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Carbon offsets to be subject to stricter assessments

The Integrity Council for the Voluntary Carbon Market (IC-VCM) has released its new global benchmark for “high-integrity” carbon credits. The framework will be used to assess whether carbon credits meet 10 Core Carbon Principles (CCPs).

The VCM gives companies – as well as non-profit organisations, governments, and individuals – the opportunity to buy and sell carbon offset credits. One offset represents the reduction of one metric tonne of carbon dioxide or GHG emissions. However, the credibility of the schemes and the price of the offsets can vary considerably.

Campaigners have long argued that companies should focus on carbon reductions rather than offsetting. But in recent weeks scrutiny has intensified – in particular when offsets are used to make claims such as ‘carbon neutral’. 

Regulators in the UK and EU have begun to clamp down on dubious claims, with bans on the horizon. Major food companies including Nestlé, Leon and most recently Sodexo, have drop their carbon neutral claims or targets.

Under the IC-VCM’s new framework, carbon offsetting programmes will submit evidence that they meet the principles. They will for example have to monitor and report on emissions reductions and removals for at least 40 years where there is a risk they may be “reversed” – for example through wildfires – and maintain a risk-based “buffer pool” of carbon credits that can be cancelled to compensate for any reversals. This includes projects that protect and restore forests, wetlands and marine ecosystems, and that store carbon in farm soil. 

There must also be compatibility with net-zero, so projects involving carbon capture and storage are ruled out. Once approved, schemes will be able to use the CCP label on specific categories of credits.

Further improvements are also being assessed by the council, such as satellite monitoring of projects and price transparency, ready for an updated framework in 2026.

“We know there is strong demand for high-integrity credits and the CCP label will give more companies confidence to invest,” said council chair Annette Nazareth. “We expect high-integrity credits to trade at a premium, which will incentivise the market to adopt CCP criteria. Greater confidence in the voluntary carbon market will unlock additional investment and create a market that is highly liquid and scalable,” she added.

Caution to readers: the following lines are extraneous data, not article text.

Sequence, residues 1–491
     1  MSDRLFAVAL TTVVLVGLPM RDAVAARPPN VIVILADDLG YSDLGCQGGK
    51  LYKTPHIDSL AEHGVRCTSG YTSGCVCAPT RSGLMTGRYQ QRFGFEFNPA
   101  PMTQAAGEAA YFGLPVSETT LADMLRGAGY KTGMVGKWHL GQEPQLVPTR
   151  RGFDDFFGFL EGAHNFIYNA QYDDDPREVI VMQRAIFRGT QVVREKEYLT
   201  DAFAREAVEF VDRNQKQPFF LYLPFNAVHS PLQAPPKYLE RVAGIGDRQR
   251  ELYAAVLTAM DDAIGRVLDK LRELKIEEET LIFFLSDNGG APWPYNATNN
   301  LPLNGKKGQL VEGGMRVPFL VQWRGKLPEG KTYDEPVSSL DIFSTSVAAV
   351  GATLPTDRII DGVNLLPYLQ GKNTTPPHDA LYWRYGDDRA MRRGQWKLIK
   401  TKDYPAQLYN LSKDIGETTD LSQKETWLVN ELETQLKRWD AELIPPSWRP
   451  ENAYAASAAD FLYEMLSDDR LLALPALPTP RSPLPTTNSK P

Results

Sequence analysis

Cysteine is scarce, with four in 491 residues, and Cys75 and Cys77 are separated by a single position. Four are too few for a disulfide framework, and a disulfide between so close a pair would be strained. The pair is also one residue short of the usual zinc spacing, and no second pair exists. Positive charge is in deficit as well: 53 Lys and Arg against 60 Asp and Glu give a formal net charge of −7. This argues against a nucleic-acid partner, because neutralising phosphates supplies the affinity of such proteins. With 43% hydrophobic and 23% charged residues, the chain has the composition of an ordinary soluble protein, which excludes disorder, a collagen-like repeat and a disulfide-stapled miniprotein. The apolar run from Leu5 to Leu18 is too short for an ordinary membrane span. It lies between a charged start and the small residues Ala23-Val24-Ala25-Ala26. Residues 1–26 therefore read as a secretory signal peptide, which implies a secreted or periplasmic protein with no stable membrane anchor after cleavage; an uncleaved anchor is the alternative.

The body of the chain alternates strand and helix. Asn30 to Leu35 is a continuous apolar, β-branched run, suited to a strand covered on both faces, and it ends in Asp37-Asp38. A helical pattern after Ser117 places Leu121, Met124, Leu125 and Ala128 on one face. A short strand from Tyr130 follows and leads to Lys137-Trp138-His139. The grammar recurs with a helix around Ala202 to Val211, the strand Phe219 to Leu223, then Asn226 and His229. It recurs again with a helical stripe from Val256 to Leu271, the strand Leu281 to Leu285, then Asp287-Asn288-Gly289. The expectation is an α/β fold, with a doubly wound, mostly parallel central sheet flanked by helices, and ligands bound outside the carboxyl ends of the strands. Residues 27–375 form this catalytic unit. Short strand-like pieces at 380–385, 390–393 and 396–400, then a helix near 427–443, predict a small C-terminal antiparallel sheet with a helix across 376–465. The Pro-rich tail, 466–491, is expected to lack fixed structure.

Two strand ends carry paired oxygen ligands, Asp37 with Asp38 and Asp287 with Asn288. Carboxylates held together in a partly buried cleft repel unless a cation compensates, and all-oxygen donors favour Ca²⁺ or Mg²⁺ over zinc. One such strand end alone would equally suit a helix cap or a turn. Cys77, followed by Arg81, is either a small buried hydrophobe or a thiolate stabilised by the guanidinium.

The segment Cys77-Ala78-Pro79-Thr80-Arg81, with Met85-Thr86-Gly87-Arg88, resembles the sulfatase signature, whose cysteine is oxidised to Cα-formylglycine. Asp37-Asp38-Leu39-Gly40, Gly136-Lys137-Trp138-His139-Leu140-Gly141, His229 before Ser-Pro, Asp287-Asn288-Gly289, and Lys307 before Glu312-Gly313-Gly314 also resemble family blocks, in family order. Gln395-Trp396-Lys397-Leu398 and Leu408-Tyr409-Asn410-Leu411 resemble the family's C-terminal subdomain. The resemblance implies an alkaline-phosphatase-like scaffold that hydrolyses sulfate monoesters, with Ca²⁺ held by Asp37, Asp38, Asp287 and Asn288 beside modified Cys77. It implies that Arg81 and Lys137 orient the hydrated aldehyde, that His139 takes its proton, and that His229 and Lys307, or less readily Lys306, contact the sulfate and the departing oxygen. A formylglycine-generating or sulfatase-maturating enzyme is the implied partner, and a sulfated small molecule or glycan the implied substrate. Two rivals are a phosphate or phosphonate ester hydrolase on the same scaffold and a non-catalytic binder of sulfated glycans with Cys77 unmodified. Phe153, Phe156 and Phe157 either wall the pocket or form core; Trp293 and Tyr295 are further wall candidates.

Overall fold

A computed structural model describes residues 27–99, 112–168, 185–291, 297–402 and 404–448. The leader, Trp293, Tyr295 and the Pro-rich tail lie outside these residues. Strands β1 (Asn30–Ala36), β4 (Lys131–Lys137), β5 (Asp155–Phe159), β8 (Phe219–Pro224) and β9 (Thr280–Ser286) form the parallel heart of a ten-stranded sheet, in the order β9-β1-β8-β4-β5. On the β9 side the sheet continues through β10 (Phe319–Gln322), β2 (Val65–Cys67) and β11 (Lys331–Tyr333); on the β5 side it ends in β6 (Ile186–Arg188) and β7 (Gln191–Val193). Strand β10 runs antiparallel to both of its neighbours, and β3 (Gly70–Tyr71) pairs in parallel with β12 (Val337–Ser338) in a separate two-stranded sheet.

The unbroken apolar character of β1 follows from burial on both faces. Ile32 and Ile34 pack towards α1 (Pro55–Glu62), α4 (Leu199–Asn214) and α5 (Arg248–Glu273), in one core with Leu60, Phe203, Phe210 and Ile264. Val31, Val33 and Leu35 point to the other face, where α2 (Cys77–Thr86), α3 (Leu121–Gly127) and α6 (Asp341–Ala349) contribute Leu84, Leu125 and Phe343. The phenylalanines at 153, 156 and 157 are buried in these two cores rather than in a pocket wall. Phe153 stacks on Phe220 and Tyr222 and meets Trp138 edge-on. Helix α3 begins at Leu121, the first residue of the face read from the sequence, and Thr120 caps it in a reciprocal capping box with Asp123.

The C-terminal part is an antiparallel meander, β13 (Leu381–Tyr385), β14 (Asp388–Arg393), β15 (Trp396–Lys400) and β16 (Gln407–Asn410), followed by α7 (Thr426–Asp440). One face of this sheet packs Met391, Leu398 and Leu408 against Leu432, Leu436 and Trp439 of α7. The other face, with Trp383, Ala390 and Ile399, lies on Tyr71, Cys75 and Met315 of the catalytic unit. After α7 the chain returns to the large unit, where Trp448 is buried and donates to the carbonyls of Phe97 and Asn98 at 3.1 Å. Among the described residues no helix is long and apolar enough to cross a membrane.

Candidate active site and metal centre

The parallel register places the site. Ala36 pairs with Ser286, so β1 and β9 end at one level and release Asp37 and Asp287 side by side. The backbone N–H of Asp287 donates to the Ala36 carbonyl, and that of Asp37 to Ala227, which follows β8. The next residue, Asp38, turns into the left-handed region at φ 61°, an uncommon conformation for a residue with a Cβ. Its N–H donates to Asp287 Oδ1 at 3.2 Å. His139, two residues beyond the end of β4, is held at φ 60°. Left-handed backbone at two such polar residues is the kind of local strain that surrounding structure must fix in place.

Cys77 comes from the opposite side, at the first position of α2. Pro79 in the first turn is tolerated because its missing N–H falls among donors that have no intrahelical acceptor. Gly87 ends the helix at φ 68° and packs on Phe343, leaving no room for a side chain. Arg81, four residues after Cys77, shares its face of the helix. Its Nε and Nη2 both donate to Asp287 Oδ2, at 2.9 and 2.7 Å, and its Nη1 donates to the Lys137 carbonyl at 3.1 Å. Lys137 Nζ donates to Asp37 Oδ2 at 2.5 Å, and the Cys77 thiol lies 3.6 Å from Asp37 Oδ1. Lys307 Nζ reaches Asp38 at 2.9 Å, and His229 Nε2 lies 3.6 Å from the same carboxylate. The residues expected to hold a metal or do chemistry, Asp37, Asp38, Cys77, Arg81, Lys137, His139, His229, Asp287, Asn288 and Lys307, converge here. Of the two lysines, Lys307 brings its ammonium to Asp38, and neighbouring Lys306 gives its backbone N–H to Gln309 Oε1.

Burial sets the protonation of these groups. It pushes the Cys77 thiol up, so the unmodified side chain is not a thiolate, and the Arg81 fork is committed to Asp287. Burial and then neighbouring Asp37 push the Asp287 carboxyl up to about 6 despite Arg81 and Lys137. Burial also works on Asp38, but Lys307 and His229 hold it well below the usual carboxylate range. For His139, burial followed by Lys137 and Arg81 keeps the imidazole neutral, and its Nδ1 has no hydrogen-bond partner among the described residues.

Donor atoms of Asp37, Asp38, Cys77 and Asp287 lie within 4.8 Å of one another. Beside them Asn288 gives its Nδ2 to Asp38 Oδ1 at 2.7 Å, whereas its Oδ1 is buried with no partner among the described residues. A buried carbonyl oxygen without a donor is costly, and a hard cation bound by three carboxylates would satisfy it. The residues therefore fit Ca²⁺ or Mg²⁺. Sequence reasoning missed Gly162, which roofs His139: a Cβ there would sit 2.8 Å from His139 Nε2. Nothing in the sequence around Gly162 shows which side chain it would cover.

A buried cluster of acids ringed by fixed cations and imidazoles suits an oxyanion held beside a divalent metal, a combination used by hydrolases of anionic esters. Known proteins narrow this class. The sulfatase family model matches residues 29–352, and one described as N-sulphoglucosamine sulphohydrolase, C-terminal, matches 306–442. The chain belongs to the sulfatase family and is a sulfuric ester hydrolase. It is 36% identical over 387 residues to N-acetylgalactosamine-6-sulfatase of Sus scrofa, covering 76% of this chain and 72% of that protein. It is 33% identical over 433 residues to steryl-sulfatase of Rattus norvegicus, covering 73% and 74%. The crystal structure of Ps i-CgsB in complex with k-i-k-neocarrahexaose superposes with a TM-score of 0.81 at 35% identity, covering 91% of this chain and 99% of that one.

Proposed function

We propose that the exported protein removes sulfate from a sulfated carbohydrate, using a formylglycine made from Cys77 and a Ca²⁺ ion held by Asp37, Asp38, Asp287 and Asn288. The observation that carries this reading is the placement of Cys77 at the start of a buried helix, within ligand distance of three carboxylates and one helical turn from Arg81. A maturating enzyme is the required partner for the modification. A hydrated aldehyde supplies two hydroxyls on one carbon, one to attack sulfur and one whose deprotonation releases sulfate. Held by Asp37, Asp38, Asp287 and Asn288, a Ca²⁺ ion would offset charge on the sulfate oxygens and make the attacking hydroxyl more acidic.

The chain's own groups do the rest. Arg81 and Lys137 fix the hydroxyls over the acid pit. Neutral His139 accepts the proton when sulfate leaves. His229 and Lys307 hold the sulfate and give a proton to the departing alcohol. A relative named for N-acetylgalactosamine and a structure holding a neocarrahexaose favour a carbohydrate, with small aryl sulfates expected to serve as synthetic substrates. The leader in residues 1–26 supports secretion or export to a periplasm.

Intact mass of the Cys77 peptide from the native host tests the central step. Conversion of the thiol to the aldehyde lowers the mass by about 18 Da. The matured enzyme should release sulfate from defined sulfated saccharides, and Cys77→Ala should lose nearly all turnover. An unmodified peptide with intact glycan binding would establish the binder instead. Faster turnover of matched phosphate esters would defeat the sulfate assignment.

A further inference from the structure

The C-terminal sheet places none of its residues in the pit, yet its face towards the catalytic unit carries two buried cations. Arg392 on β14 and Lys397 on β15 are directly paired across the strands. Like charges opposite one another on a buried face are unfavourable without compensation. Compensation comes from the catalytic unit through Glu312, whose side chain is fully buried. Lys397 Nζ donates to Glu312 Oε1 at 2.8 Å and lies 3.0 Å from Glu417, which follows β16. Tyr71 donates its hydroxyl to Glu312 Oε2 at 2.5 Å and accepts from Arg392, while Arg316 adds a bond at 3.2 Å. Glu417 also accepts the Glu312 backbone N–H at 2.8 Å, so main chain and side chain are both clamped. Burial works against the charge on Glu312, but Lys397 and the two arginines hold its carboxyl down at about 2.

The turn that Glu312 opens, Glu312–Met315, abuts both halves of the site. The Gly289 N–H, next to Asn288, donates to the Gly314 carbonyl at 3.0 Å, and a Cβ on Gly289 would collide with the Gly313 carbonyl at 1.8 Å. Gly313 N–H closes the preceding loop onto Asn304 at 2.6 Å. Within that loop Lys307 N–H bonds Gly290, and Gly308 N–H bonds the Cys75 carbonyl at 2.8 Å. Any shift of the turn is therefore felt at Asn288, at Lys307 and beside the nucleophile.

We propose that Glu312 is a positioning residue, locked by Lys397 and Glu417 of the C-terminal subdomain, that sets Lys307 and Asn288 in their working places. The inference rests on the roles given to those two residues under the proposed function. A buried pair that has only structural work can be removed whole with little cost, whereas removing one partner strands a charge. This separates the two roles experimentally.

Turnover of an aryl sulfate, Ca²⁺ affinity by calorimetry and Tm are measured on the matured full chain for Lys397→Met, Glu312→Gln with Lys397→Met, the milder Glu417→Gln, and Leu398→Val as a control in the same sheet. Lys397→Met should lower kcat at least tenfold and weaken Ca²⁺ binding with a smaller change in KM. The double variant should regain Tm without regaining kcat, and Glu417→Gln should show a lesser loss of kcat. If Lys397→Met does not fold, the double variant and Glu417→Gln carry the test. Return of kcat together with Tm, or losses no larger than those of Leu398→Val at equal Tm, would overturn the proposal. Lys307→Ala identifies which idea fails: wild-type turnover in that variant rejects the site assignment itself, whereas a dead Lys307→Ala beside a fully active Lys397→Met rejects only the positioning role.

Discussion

Since June, the IC-VCM and the Voluntary Carbon Markets Integrity Initiative (VCMI) have been collaborating in a bid to “establish an integrated market integrity framework to ensure quality, transparency, credibility, and accountability for the voluntary carbon market across the value chain”. VCMI has said 2023 has become a “pivotal year” for the voluntary carbon market.

The VCMI has also published a new code of practice detailing how companies should use carbon offsets. Companies making claims will need to publicly disclose their greenhouse gas emissions and set science-based near-term carbon reduction targets and demonstrate they are on track to meet them. They will also need to make credible commitments to net-zero.

The initiative is currently seeking a branding agency to help design new labels for making VCMI claims. Due to be released at the end of the year, the labels “have the potential to drive/encourage more ambitious climate action, support existing progress and commitments from companies, and deliver on other VCMI goals”. 

Food companies will be watching developments closely. Some believe that even those making credible claims will come under attack.

“There are some organisations that have got this really amazing offset strategy and have put in a considerable amount of money – and yet they’re still being criticised for the offsets they’ve chosen,” Sodexo director of corporate responsibility Claire Atkins Morris told Footprint this week.

The catering firm has just dropped its target to become carbon neutral by 2025. The funds originally put aside for any carbon offsets required are being diverted into decarbonisation projects.

Leon has also phased out its carbon neutral burgers and fries from its menus. The chain was subject to criticism for the offsets it was using in 2021. 

In January this year, research into Verra – the world’s leading carbon standard for the rapidly growing $2bn (£1.6bn) voluntary offsets market – by The Guardian, German weekly Die Zeit and investigative journalists at non-profit SourceMaterial, found that more than 90% of its rainforest offset credits (which are among the most commonly used by companies) are likely to be “phantom credits” and “do not represent genuine carbon reductions”.